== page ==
Parents today have more options than ever before when deciding who will provide their prenatal care, who will attend their baby’s birth, and where the birth will take place. Many of these options indicate a positive shift in the way our culture views maternity care: Parents can (and should) be actively involved in selecting the type of birth they want for their family. Unfortunately, the overwhelming number of choices, combined with a lack of cultural familiarity with birth itself, sometimes leads parents to choose a “default” birth (read: OB-attended birth in a hospital with standard medical interventions) rather than thoroughly exploring their options.
The primary goal of Healing Hands Chiropractic’s pregnancy and childbirth workshops is to demystify the process of birth and the choices involved, allowing parents to choose the options that are best for them and for their baby. Understanding the difference between types of care providers is an essential part of planning the birth you want.
In the United States today, the vast majority of births are attended by an obstetrician (OB), a medical doctor who specializes in pregnancy and childbirth. Obstetricians are trained to manage low-risk pregnancies and deliveries, but are especially skilled at handling complications. They can attend vaginal births as well as perform cesareans. Among OBs, there may be a wide variety of attitudes toward pregnancy and birth. If you are considering care with an obstetrician, it is important to make sure that his or her philosophy on birth is similar to your own.
Midwives are extensively trained in providing care for low-risk pregnancies and deliveries. A midwife practicing in a hospital is usually a certified nurse-midwife, or CNM. CNMs are registered nurses who have additional training and experience with maternity care. CNMs in hospitals generally work in conjunction with one or more obstetricians, and can consult with them or even transfer patients to their care should complications arise. Many CNMs tend to have a more hands-off, holistic attitude toward pregnancy and birth, though this is not always the case. A CNM practicing in a hospital is often subject to institution policies, including standard procedures for length of labor after admission to the hospital, eating and drinking in labor, and management of complications.
Midwives who practice outside of the hospital have different credentials depending on licensing regulations in each state. (In New Hampshire, the designation is CPM, or Certified Professional Midwife.) Unlike hospital-based professionals, Direct Entry Midwives are trained in birth first, medicine second. Even more than a CNM, a CPM tends to regard pregnancy and birth as a natural, healthy process that requires little to no intervention. (Midwives have been known to say that they do not “deliver” babies, they just “catch” them.) Direct Entry Midwives attend births in free-standing birth centers and at home. They are trained to watch for and manage complications, and to transport clients to the hospital when necessary. Their labor bags include medical equipment to prevent or manage maternal hemorrhage, to provide sutures in the event of a perineal tear, and to resuscitate a newborn. An out-of-hospital birth for a healthy, low-risk mother is neither dangerous nor irresponsible. In several studies, home birth has actually been shown to be safer than hospital birth, because the mother is not subject to standard procedures that may lead to complications.1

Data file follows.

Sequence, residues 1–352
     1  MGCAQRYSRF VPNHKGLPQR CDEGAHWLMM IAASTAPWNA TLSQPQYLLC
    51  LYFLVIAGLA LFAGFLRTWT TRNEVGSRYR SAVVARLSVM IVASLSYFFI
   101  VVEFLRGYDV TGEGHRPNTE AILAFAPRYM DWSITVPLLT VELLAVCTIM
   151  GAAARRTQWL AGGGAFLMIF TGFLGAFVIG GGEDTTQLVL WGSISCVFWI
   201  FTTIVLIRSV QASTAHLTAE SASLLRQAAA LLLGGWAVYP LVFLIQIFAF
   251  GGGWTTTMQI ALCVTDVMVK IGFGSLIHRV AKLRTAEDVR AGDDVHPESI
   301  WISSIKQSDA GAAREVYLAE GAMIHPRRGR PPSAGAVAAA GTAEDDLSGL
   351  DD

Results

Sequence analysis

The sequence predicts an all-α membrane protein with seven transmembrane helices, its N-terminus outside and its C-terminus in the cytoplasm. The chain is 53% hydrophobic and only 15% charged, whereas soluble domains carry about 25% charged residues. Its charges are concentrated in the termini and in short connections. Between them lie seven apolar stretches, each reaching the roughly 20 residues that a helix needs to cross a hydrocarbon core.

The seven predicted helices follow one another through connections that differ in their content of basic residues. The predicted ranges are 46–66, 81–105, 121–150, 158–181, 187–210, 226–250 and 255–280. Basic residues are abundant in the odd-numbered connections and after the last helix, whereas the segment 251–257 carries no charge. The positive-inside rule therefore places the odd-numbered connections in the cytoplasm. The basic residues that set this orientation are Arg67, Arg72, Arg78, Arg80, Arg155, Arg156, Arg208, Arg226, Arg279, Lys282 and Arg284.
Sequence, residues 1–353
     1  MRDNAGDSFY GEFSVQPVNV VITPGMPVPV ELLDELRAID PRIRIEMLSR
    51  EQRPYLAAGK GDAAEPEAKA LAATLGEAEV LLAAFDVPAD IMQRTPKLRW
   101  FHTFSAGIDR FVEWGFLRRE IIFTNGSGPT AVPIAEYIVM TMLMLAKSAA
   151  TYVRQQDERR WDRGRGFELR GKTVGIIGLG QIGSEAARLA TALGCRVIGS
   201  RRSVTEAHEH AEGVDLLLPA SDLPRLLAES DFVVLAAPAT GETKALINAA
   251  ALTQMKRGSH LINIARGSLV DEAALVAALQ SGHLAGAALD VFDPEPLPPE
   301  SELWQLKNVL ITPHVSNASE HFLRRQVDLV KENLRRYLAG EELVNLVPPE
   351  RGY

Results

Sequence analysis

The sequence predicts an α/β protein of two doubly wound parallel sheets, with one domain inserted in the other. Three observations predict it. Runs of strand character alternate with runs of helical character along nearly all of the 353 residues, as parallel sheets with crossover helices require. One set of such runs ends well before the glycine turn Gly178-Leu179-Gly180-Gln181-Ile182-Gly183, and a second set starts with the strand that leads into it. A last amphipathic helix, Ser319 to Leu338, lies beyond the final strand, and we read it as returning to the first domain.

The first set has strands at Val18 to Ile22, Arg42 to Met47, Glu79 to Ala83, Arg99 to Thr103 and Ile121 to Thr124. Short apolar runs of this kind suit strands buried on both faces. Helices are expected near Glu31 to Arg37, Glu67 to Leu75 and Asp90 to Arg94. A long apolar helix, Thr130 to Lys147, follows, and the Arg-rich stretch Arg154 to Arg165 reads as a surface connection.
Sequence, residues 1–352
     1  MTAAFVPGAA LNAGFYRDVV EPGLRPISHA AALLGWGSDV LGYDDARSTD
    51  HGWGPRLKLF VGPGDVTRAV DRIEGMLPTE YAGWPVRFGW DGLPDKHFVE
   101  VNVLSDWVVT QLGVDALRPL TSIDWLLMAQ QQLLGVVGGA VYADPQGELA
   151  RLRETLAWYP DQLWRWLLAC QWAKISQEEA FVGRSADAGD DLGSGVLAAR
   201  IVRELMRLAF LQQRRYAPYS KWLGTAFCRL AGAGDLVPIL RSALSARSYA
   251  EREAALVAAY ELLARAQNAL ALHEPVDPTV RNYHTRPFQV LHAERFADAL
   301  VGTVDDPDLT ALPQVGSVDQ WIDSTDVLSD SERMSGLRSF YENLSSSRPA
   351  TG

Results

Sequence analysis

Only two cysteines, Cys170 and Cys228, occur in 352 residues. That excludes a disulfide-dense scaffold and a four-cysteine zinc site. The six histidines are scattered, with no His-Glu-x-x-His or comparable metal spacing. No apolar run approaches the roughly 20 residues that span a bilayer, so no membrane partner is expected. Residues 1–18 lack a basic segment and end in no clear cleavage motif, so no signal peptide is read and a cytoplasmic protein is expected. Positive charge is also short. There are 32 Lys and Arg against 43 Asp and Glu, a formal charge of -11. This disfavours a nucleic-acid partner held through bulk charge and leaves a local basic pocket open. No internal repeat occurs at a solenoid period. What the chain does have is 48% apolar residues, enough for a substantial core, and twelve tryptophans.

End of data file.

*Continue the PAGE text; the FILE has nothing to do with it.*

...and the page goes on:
Doulas are labor support professionals. They are not responsible for the medical aspects of birth, but provide emotional and psychological support for the mother and her birth partner. A doula is also trained to interact professionally with hospital staff, and can act as an advocate for the mother should the need arise. A doula generally arrives earlier in labor than other birth attendants, often supporting the mother while she labors at home and then traveling to the hospital with the parents. She can help with the initiation of breastfeeding and may also offer additional postpartum support. (For more information, including the distinction between labor doulas and postpartum doulas, please check out Doulas of North America: http://www.dona.org/mothers/index.php)
Practitioners at Healing Hands Chiropractic regard pregnancy and childbirth as natural processes in which both parents should be involved and educated. For more on birth choices, consider an upcoming childbirth series or early pregnancy workshop. Email email@example.com for schedule, rates, and registration information.